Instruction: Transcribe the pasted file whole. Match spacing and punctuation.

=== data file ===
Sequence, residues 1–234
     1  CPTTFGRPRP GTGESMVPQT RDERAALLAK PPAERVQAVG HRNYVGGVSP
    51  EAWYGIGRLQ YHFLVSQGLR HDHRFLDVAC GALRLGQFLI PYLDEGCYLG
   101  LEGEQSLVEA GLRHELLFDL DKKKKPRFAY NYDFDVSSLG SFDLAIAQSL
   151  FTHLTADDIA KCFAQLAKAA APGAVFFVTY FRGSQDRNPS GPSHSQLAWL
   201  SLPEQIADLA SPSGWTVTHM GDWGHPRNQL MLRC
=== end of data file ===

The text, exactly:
Sequence, residues 1–234
     1  CPTTFGRPRP GTGESMVPQT RDERAALLAK PPAERVQAVG HRNYVGGVSP
    51  EAWYGIGRLQ YHFLVSQGLR HDHRFLDVAC GALRLGQFLI PYLDEGCYLG
   101  LEGEQSLVEA GLRHELLFDL DKKKKPRFAY NYDFDVSSLG SFDLAIAQSL
   151  FTHLTADDIA KCFAQLAKAA APGAVFFVTY FRGSQDRNPS GPSHSQLAWL
   201  SLPEQIADLA SPSGWTVTHM GDWGHPRNQL MLRC